Near threatened Puerto Rico corals, contaminant levels among highest ever recorded by NOAA program

By on February 25, 2014
A diver conducts a sampling transect (Credit: NOAA)

A diver conducts a sampling transect (Credit: NOAA)

The Río Loco once tumbled from Puerto Rico’s central mountain range and snaked its way through dense forest before pouring into Guánica Bay in the island’s southwest corner.

The forest over time became checkered with sugarcane and coffee plantations.  In response to shifting government policies in the 1950s, much of the watershed’s farmland gave way to urban development and industrialization. A vast freshwater lagoon was drained, reservoirs were built and long stretches of the river were forced into arrow-straight channels.

Scientists knew the land-use transformation had environmental consequences for Guánica Bay, and particularly for the coral reefs that lie just outside it.

Still, they were surprised by results from a three-year National Oceanographic and Atmospheric Administration study: Sediments in Guánica Bay contained some of the highest levels of PCBs, chlordane, chromium and nickel ever measured in the nearly three-decade history of NOAA’s National Status and Trends monitoring program.

Except for chromium, those pollutants and others also were present at lower—but still potentially toxic—levels in coral samples taken just outside the bay.

“That we’re finding PCBs and other chemicals in Guánica Bay is not surprising,” said David Whitall, a NOAA senior scientist who co-authored the report. “But the levels we’re finding are very surprising. For nickel, of the top 20 values we’ve ever measured, 15 of them are from this study in Guánica Bay.”

PCBs—industrial solvents found in dyes, hydraulic fluids and numerous other applications—and chlordane, a pesticide, have been banned for decades but linger in the environment. Both have been linked to a range of serious health issues in animals and humans, and are considered probable carcinogens by the U.S. Environmental Protection Agency.

Nickel and chromium are naturally occurring elements, but mining and industry can release high concentrations of them into the environment. Exposure to some forms of the metals is known to cause cancer.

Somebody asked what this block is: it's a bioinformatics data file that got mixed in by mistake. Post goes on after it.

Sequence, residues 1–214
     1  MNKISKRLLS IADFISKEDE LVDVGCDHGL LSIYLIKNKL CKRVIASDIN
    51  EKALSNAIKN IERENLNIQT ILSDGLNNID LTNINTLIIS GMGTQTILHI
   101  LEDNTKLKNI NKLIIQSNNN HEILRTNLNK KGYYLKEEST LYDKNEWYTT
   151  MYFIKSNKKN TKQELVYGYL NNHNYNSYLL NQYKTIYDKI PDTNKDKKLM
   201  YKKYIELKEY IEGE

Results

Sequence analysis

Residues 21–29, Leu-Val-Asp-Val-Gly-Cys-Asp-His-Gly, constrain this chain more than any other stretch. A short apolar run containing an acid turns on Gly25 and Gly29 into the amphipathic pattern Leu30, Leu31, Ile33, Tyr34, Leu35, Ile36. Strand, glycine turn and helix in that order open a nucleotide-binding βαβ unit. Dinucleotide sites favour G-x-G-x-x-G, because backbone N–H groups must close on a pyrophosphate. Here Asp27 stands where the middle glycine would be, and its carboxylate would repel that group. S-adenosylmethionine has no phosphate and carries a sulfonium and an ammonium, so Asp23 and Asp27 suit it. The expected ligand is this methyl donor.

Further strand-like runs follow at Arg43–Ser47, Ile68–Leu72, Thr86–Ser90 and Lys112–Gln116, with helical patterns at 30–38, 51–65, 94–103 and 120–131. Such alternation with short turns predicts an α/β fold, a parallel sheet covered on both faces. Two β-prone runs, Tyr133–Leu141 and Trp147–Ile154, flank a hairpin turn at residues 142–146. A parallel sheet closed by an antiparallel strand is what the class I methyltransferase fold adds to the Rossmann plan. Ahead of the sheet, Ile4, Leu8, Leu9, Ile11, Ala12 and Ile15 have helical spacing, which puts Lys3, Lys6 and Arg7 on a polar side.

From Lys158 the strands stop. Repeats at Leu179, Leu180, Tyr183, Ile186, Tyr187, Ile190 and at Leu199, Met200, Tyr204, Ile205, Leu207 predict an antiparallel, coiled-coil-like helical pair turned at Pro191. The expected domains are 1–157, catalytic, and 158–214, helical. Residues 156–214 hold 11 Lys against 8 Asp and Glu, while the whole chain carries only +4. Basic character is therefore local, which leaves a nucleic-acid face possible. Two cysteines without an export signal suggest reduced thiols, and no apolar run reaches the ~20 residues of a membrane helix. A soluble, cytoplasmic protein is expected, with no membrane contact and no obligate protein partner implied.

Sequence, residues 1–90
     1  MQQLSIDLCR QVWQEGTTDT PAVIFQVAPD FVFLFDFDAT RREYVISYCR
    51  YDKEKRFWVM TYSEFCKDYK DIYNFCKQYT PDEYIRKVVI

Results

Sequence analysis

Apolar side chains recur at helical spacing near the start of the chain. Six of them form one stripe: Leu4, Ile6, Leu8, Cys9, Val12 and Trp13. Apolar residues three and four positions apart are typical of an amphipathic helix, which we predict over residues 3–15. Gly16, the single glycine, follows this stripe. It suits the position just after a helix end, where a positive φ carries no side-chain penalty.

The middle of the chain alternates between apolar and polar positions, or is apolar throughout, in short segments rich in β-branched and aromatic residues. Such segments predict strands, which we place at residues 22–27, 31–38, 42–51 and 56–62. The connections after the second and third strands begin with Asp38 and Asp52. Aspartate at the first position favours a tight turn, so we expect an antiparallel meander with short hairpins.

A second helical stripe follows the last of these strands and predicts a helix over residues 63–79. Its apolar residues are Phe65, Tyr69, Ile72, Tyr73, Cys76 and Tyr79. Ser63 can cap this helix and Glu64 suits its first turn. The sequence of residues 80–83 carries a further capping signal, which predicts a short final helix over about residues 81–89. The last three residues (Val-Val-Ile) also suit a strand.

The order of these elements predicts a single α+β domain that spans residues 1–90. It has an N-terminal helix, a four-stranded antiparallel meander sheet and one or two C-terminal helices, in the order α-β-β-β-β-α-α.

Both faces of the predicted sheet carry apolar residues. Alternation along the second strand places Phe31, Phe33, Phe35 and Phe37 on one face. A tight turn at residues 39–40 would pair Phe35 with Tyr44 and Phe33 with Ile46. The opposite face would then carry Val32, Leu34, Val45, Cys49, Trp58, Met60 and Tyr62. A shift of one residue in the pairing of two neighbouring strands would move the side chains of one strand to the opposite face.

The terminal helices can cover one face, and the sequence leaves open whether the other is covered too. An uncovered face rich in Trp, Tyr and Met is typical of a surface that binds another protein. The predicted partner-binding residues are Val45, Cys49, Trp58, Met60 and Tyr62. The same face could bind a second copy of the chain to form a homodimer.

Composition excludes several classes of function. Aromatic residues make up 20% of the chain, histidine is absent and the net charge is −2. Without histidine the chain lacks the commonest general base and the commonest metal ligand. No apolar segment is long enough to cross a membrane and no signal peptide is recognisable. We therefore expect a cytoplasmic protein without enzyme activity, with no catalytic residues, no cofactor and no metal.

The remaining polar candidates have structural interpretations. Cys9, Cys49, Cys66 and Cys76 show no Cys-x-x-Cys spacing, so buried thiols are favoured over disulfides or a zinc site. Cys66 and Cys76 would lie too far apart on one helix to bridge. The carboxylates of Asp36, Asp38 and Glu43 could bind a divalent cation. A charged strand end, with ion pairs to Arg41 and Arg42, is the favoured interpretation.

Several other contaminants—including DDT, arsenic and mercury—also were found in sediment at potentially toxic levels.

Guanica Bay, on the southwest corner of Puerto Rico, from the air (Credit: NOAA)

Guanica Bay, on the southwest corner of Puerto Rico, from the air (Credit: NOAA)

While further research is needed to draw a clear link to the chemicals, the team found that corals covered less of the seafloor immediately offshore from Guánica Bay than in an adjacent study area called La Parguera or elsewhere in the region.

“We’re pretty confident these are toxic levels to the organisms that live in the sediments,” Whitall said.

The researchers tested dozens of chemical contaminants using one-time sampling of sediment and coral tissue at random sites. They collected sediment from a research vessel using a Ponar sampler, while SCUBA divers gathered coral samples using a hammer and a titanium punch.

A third of coral reefs in the Caribbean are threatened by runoff of land-based sediments, nutrients and pollutants, according to the NOAA study. The interagency Coral Reef Task Force, of which NOAA is a lead agency, named Guánica Bay one of three priority watersheds in U.S. coastal waters designated for restoration.

The effort to restore the Guánica Bay ecosystem is multifaceted. The U.S. Department of Agriculture and other groups are urging coffee growers in the watershed’s mountainous region to switch to shade-grown coffee, which is less disturbing to the landscape. A group called Ridge to Reefs is working to stabilize soil on mountain slopes, where heavy rains combined with road-building and intensive agriculture cause significant erosion. Farther downstream, efforts are underway to upgrade wastewater treatment to capture more nitrogen and phosphorus. Plans are in the works to restore the Guánica Lagoon, which served as a natural sponge to filter pollutants before they could reach the bay.

Whitall said he hopes to repeat the study in five years to gauge the effect of the restoration work.

Coral reef near Guanica Bay (Credit: NOAA)

Coral reef near Guanica Bay (Credit: NOAA)

Created in 1986, the National Status and Trends program uses contaminant monitoring in U.S. coastal waters to provide resource managers the background pollution data needed to assess the effects of cleanup efforts and environmental disasters. For example, program data were instrumental in showing changes in the concentration of chemical compounds in Gulf of Mexico water, sediments and shellfish following the 2010 Deepwater Horizon oil spill, Whitall said.

The Guánica Bay study is part of a broader NOAA effort to monitor coral reef health in Puerto Rico’s coastal waters.  For instance, a 2007 study began to establish a link between contaminant concentrations and the condition of coral reefs. For a 2009 paper, Whitall and colleagues measured some 150 pollutants in samples of a particular coral species from eight sites across the island’s southwest coast, and found that in most cases the contaminant levels in corals were similar to levels in the surrounding sediment.

NOAA also performed an ecosystem assessment around Vieques, a Puerto Rican island that the U.S. Navy “basically bombed into next week” when it was a training range, Whitall said.

About Andy McGlashen

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